If Metro's 100-mile system is to be completed, Arlington County must come up with about $57 million in constructions costs. Operating costs the country will have to pay for the bus-rail system will be about $9 million next year and escalate to $20.2 million by 1990 if fares are increased by half the rate of inflation.

Those figures were released last week at a meeting o the Arlington County Board by Metro Board Chairman Joseph S. Wholey, who is also a member of the Arlington Board. Wholey's presentation was the first in a series of sales pitchs to local governments of Metro's proposed financial plan. Local jurisdictions such as Arlington [WORD ILLEGIBLE] then, in the era of Proposition 13, decide how to pay for their share of the system.

In releasing the financial plan last month, Wholey warned that if any jurisdiction refuses to pay its share of Metro, "the system would grind to a halt."

U.S. Transportation Secretary Brock Adams has said that the Carter Administration is committed to the goal of completing the 100-mile system, but local governments must first guarantee payment of construction and long-term operating costs.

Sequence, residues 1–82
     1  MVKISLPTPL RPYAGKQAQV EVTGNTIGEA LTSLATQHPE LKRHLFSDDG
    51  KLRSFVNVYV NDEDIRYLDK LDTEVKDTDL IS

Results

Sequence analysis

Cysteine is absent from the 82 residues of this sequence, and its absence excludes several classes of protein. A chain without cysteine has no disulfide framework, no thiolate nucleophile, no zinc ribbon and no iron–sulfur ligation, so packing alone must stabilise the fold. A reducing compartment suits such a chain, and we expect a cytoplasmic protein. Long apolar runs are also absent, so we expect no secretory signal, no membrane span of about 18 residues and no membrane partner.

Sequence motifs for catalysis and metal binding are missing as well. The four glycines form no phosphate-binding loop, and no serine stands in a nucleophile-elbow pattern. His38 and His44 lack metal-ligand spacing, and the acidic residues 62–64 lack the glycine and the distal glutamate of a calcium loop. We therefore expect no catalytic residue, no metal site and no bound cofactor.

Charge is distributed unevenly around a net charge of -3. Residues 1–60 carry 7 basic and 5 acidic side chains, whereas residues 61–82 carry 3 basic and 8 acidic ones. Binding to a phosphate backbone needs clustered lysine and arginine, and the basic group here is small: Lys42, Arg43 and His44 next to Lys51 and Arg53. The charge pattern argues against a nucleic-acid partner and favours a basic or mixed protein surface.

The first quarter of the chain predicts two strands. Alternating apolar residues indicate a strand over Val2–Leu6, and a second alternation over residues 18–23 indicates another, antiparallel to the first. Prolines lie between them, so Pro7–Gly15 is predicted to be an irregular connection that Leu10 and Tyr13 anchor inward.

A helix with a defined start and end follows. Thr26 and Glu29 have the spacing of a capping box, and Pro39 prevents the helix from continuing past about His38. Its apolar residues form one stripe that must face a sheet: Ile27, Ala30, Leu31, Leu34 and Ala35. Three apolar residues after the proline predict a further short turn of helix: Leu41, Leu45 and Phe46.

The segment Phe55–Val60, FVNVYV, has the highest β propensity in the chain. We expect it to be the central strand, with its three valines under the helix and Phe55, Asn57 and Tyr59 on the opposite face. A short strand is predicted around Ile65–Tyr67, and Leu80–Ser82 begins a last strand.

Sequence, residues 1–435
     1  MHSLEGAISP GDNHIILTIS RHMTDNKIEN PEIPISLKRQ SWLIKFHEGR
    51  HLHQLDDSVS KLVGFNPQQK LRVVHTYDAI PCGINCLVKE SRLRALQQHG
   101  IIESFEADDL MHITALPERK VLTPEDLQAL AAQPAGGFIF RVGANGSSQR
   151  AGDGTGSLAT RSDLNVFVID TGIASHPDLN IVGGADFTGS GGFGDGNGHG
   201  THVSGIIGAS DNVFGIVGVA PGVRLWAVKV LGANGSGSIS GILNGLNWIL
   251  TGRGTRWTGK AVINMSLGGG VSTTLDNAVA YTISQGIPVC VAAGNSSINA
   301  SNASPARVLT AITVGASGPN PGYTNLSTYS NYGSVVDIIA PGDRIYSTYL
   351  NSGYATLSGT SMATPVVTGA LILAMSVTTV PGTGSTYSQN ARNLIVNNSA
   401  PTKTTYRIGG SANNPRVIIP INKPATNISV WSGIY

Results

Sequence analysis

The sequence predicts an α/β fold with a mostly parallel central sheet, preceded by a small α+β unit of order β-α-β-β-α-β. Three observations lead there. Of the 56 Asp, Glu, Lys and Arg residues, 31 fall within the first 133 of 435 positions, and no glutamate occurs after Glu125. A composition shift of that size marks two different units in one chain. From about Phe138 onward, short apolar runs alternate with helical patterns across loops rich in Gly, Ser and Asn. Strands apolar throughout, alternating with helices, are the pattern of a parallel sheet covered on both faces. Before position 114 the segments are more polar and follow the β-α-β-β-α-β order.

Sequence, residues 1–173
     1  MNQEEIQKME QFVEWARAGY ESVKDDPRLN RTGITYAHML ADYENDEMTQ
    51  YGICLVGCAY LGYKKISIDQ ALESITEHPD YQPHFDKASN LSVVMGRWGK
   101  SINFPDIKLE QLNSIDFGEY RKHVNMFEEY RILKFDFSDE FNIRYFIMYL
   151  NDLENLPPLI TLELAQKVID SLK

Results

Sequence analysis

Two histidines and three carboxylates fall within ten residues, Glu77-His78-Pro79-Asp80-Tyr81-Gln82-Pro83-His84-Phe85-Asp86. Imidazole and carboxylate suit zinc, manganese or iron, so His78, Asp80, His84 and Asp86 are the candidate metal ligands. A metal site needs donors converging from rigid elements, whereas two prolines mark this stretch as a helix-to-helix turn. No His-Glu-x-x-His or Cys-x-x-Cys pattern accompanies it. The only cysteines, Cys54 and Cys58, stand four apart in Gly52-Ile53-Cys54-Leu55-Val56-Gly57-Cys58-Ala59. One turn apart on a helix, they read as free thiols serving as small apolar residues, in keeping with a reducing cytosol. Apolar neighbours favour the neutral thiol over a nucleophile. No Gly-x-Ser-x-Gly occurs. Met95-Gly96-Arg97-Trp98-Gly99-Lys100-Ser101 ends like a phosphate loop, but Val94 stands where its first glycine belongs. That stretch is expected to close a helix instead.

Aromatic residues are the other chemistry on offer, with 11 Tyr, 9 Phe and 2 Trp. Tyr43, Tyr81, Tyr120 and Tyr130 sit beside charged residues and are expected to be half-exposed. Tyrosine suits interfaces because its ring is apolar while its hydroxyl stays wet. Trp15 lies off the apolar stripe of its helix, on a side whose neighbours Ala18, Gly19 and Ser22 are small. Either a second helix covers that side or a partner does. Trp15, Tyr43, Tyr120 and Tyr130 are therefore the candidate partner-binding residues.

The financial plan envisions an 80-20 split, with the federal government picking up 80 percent of the cost of the system and state and local jurisdictions splitting the remainder. Cost of completing the full system, now projected for 1967, is close to $3.2 billion.

According to Wholey, Arlington's share of construction costs could be financed through a bond issue.

Operating costs, which must be paid through a combination of fares and local tax revenues, represents one of the thorniest political issues in selling the plan. A bill proposing a one-cent sales tax, which would cover an estimated $1.2 million of Arlington's debt service over the next 30 years, as well as operating subsidies was defeated by one vote in the last session of the General Assembly.

Even if the bill had passed, Virginia Governor John Dalton is known to be unenthusiastic about the prospect of a special transit tax and has said he might have vetoed it.

"The simple solution," quipped Arlington Board Chairman John W. Purdy at one point in Wholey's presentation, "is to get this all embodied in the Defense Department budget."

The Arlington Board is scheduled to consider ways of financing the system, including a possible bond of referendum, on Oct. 14.